Edgar Allan Poe House Philadelphia

Edgar Allan Poe House Philadelphia

Edgar Allan Poe House Philadelphia

Not far from the Poe house, the Free Library holds secrets of its own. Notably, if you scale to the top of the building, you will happen upon the rare books room, free to access after signing in. The treasures housed within are nothing short of revelatory. Rejection letters to Beatrix Potter. A Maxfield Parrish painting. And the reason it was on our agenda, a very special taxidermied bird. A raven. The staff member flips a switch and the inside of a case lights up to reveal a glossy-feathered raven with an impossibly long beak. One eye that you might swear is twinkling and will continue watching you after you leave. This pet of Charles Dickens, a raven named Grip, inspired Edgar Allan Poe’s infamous raven. If you listen closely enough you might hear it squawk, “nevermore.”

Edgar Allan Poe House Philadelphia

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24 Hours in Baltimore

 When you think about your favorite American town, does Baltimore come to mind? If you haven’t noticed I’m kind of sweet on Baltimore. I would submit Wit and Wisdom as a memorable meal, and stay tuned for a special write-up of my favorite restaurant in the U.S., perfect for when you have a bit more time, but right now let’s plan our 24 hours in Baltimore. I have  selected a hearty blend of food and poetry to make you also smitten with a city usually recorded for its football wins, crab cakes or crime.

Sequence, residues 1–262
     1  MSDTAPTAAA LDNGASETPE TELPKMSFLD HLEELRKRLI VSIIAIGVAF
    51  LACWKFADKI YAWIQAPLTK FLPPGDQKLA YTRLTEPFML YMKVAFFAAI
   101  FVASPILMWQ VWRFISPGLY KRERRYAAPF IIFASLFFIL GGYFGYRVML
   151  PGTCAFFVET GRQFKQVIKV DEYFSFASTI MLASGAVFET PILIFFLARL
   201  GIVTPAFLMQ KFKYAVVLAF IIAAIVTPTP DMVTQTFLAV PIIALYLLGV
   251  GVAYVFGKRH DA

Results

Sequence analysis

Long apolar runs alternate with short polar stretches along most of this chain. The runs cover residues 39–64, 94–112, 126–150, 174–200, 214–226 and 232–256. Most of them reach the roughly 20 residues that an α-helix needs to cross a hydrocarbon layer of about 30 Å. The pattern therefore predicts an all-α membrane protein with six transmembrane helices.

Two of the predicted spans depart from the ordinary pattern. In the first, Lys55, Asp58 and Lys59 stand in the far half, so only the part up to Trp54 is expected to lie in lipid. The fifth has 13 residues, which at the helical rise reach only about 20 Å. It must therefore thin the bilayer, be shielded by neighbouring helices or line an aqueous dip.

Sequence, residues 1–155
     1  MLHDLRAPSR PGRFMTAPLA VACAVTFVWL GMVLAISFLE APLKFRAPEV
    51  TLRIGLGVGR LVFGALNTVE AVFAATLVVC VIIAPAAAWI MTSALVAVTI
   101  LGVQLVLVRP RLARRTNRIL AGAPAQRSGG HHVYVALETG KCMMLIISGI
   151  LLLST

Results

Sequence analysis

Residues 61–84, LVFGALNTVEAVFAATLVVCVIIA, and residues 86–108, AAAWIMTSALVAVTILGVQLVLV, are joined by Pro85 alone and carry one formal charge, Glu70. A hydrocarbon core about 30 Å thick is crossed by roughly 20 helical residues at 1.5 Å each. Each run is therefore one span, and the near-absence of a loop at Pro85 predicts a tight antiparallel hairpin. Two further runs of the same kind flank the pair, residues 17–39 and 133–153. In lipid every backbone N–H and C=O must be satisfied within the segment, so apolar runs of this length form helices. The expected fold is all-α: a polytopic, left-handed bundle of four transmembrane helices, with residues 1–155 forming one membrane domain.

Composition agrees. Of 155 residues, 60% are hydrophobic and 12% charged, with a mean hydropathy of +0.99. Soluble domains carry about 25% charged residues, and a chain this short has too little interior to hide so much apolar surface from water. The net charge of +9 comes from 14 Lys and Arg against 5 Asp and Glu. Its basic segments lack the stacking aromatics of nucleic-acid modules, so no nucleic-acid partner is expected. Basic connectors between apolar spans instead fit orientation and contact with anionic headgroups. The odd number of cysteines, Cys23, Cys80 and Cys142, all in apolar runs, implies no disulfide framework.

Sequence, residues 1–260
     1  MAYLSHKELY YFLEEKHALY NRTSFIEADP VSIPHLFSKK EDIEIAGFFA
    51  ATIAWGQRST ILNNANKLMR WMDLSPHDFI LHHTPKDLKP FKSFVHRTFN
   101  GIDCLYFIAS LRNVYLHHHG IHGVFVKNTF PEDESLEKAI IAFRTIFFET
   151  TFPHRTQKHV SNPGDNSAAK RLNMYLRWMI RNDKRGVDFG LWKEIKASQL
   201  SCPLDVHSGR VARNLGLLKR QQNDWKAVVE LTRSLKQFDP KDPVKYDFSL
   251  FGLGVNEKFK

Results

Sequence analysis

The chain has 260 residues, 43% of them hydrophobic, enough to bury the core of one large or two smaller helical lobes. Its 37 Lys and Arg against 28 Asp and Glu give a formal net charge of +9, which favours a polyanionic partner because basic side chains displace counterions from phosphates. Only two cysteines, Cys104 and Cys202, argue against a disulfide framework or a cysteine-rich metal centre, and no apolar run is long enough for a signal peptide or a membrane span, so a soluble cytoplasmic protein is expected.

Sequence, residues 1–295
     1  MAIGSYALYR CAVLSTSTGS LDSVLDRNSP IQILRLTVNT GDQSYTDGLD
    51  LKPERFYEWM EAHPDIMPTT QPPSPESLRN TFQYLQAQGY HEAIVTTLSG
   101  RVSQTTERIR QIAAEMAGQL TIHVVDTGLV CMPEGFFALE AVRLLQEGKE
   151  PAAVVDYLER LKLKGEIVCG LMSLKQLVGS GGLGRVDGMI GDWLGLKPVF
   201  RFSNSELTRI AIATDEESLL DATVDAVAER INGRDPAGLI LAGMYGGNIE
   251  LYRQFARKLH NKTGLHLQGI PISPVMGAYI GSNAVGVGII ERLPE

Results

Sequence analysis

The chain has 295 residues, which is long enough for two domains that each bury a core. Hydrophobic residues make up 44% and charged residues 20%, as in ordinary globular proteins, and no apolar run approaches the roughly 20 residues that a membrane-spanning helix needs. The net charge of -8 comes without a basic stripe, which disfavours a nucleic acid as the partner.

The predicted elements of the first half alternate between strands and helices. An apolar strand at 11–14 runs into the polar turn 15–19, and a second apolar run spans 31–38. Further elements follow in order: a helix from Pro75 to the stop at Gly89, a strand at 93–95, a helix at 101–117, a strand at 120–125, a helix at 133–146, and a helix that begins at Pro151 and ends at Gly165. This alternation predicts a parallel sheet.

Lebanese Taverna BaltimoreLebanese Taverna BaltimoreLebanese TavernaLebanese Taverna Baltimore

LEBANESE TAVERNA
Lebanese Taverna continues to give me a proper education in the art of Lebanese cuisine. Years ago when I visited the restaurant for the first time at a happy hour meet and greet, I discovered one of my food fixations: labneh. This is a restaurant where you hopefully have brought a few friends so you can order more dishes to sample. Their warm puffy just baked pita bread reminds me of the type of pita bread served on Mykonos in Greece rather than the sad plastic-wrapped version sold in mass market grocery stores. Their pita is perfect to pair with hommus from their extensive hommus section of the menu. As a hummus fan, their hommus is seasoned in all the right ways and if you order the spicy version, it comes with a pool of harissa in the middle. The Arnabeet salad, a roasted cauliflower, chickpea, yogurt and parsley salad really delights. If you’re craving something more traditional go for the refreshing Fatoosh salad of greens, tomatoes, mint leaves and crispy pita.Their Fatteh of eggplant served atop garlicky yogurt, chickpeas and fried pita chips also comes with jeweled pomegranate arils for a sweet, tangy burst, pine nuts and mint leaves. Expect long waits on the weekend  and evenings.

Edgar Allan Poe house  grave1

CHASING EDGAR ALLAN POE